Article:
New DOD social media policy highlights threat of imposter accounts

The new policy comes amid growing concerns about the threat posed by online disinformation and misinformation.
(Getty Images)

The Pentagon’s new departmentwide social media policy spells out the need for public affairs officers and other personnel to combat adversaries’ efforts to impersonate DOD officials or hijack their accounts.

The wide-ranging policy document, released Monday, comes amid growing concerns about the threat posed by online disinformation and misinformation.

“Users, malign actors, and adversaries on social media platforms may attempt to impersonate DoD employees and Service members to disrupt online activity, distract audiences from official accounts, discredit DoD information, or manipulate audiences through disinformation campaigns. PA offices managing an [official DOD social media account] must address fake or imposter accounts,” the guidance states.

Steps that public affairs chiefs and social media managers are directed to take include reporting fake or imposter accounts through the social media platform’s reporting system; establishing local procedures to identify, review, and report fake or imposter accounts; and notifying operations security officials of fake or imposter accounts, as well as cyber operations, counterintelligence elements, and Military Department Counterintelligence Organization in accordance with DoDD 5240.06.


“PA chiefs and social media managers must record the reporting of fake or imposter accounts,” the policy states. “PA chiefs or social media managers may need to provide additional information as evidence that the identified account is fake or impersonating a DoD official.”

According to the Pentagon, telltale signs of an imposter account include, but are not limited to: the account is not registered as an official DOD account; it has very few photos that were recently uploaded and reflect the same date range; it has very few followers and comments; it sends friend requests to individual users on the platform; the account name and photos do not match; there are obvious grammatical or spelling errors; or key information is missing.

Many official DOD social media accounts include markings indicating that they have been verified, but some don’t. Notably, the new policy does not mandate that all accounts be verified going forward.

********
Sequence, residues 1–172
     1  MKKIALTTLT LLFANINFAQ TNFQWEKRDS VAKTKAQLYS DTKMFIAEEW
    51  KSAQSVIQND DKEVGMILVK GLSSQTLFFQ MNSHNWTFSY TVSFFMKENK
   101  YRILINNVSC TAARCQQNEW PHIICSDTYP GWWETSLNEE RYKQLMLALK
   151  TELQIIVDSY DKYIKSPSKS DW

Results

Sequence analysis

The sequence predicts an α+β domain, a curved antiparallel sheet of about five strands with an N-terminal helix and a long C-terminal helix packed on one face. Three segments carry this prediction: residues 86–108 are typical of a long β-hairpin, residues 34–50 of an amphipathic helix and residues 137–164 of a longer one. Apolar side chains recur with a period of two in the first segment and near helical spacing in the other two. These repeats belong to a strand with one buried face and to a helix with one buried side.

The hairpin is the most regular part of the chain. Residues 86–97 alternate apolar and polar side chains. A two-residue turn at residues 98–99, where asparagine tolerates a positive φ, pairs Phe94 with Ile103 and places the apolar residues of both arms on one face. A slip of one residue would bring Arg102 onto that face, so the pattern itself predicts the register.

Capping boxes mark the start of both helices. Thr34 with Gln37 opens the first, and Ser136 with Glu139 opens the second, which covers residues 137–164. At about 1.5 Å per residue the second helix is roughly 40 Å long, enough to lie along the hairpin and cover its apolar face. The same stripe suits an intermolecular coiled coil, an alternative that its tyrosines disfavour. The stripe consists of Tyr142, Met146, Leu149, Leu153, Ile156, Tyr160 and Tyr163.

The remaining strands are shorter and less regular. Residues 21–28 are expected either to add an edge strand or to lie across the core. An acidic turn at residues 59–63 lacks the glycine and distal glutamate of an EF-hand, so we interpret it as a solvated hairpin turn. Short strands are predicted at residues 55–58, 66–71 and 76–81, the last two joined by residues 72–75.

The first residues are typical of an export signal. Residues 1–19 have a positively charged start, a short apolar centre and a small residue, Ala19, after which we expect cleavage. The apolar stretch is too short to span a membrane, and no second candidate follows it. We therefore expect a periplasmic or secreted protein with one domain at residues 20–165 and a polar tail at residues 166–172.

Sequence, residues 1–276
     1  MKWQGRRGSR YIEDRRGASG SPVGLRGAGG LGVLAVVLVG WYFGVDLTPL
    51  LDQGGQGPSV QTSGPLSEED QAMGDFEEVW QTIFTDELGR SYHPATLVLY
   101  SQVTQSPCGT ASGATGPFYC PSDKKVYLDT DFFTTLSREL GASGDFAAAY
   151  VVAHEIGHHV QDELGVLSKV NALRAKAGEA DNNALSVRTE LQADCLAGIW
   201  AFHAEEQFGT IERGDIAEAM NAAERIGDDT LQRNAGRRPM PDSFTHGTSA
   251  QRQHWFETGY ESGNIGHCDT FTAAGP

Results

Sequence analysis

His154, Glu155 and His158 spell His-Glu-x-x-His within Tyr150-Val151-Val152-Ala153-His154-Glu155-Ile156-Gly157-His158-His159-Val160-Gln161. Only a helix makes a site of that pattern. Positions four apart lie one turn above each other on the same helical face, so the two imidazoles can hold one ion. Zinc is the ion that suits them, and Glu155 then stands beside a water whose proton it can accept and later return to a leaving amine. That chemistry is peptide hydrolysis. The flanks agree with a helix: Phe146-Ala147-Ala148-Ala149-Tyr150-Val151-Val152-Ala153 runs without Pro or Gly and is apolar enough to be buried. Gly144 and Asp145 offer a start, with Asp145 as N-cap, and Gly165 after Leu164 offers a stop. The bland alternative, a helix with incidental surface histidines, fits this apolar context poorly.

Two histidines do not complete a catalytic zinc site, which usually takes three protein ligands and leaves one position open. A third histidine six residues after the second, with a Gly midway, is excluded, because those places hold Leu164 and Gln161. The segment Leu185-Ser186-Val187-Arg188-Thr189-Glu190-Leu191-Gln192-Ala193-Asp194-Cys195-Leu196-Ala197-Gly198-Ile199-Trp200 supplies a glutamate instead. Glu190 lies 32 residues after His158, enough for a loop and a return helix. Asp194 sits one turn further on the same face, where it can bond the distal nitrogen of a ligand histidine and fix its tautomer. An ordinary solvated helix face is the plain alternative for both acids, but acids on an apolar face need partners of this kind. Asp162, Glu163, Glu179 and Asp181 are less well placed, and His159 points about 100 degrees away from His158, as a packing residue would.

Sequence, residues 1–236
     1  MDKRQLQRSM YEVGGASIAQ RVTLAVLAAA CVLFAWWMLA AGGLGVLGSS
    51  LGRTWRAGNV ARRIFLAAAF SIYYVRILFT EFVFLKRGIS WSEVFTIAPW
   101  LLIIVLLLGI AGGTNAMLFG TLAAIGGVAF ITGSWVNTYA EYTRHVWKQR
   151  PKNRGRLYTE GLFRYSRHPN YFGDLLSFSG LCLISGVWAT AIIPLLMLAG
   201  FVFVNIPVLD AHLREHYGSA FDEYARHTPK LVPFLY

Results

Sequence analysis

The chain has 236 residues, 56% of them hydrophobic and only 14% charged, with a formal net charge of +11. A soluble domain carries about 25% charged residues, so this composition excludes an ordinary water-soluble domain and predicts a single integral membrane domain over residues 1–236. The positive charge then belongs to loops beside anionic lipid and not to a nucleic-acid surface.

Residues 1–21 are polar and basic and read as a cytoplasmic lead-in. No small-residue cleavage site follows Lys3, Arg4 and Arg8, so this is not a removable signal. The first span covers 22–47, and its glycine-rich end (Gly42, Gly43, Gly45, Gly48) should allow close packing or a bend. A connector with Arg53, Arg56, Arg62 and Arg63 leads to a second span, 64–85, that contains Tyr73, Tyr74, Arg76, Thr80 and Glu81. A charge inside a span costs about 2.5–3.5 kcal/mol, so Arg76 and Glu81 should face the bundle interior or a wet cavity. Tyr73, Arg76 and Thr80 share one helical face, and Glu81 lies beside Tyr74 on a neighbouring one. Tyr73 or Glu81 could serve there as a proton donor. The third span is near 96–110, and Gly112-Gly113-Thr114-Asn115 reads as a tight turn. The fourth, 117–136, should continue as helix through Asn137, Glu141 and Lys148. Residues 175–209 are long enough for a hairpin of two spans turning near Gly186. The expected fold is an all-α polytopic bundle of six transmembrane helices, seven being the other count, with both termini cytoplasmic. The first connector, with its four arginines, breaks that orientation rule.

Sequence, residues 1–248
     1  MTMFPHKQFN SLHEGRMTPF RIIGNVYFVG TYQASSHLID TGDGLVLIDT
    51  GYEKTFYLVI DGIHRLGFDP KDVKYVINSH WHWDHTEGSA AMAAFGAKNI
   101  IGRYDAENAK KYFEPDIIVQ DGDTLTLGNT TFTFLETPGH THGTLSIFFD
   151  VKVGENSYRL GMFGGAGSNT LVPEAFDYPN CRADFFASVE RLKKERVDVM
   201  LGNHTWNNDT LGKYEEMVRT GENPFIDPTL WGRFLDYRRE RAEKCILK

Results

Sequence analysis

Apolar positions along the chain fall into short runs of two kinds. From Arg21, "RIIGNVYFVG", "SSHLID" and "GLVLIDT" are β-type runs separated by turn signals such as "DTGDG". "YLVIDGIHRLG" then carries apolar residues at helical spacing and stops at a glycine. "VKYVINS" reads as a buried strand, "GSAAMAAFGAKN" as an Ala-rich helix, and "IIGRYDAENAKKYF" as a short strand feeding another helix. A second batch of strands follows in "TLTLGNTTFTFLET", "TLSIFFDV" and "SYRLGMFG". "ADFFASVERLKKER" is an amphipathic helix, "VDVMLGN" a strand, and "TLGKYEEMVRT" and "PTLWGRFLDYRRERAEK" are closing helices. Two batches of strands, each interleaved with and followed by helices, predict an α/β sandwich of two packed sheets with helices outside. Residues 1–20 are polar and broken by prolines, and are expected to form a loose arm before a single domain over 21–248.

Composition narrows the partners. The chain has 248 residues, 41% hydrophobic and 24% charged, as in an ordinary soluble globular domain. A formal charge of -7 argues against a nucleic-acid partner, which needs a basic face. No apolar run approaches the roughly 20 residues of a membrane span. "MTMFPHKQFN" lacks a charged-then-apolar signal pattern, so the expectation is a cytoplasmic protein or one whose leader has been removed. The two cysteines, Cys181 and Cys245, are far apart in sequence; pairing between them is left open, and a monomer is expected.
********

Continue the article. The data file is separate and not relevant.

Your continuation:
“While PA chiefs and social media managers should attempt to have an [official DOD account] recognized as a verified account by the social media platform for all account types, they are not required to do so,” the guidance states.

Another threat highlighted in the new policy is cyber vandalism, a tactic that adversaries could use to hijack an official social media account for nefarious purposes.


The warning comes as the military services, other DOD organizations and high-ranking Pentagon officials such as the secretary of defense, increasingly use social media platforms like Twitter to provide information to the public and get their messages out to a global audience. But their accounts can be hacked.

“Cyber-vandalism occurs when an outside party, regardless of identity or motive, takes control of an agency communication channel and misdirects it. Incidents may contain information misleading to the public or threatening to an agent of the United States,” according to a U.S. government cyber-vandalism response toolkit posted on

For example, in 2015, people claiming to be affiliated with ISIS hacked into the social media accounts of U.S. Central Command and posted threatening messages and propaganda videos.

Responding to cyber-vandalism events involving official social media accounts is now the responsibility of multiple officials, according to the new DOD policy, including, but not limited to, public affairs officials, social media account managers, legal advisors, and IT security personnel.

“These key personnel form the response team that must establish incident response procedures, consistent with DoDIs 8500.01 and 8170.01. The response team must exercise and rehearse various scenarios to quickly assess, recover, and respond to an incident. The response team manages the process to ensure all elements of the incident are reported and addressed,” the guidance states.


The response team should deliver an after-action report and conduct an assessment to review, update, or draft procedural tasks, regulations, or policy, it added.

Jon Harper

Written by Jon Harper

Jon Harper is Managing Editor of DefenseScoop, the Scoop News Group’s newest online publication focused on the Pentagon and its pursuit of new capabilities. He leads an award-winning team of journalists in providing breaking news and in-depth analysis on military technology and the ways in which it is shaping how the Defense Department operates and modernizes. You can also follow him on Twitter @Jon_Harper_

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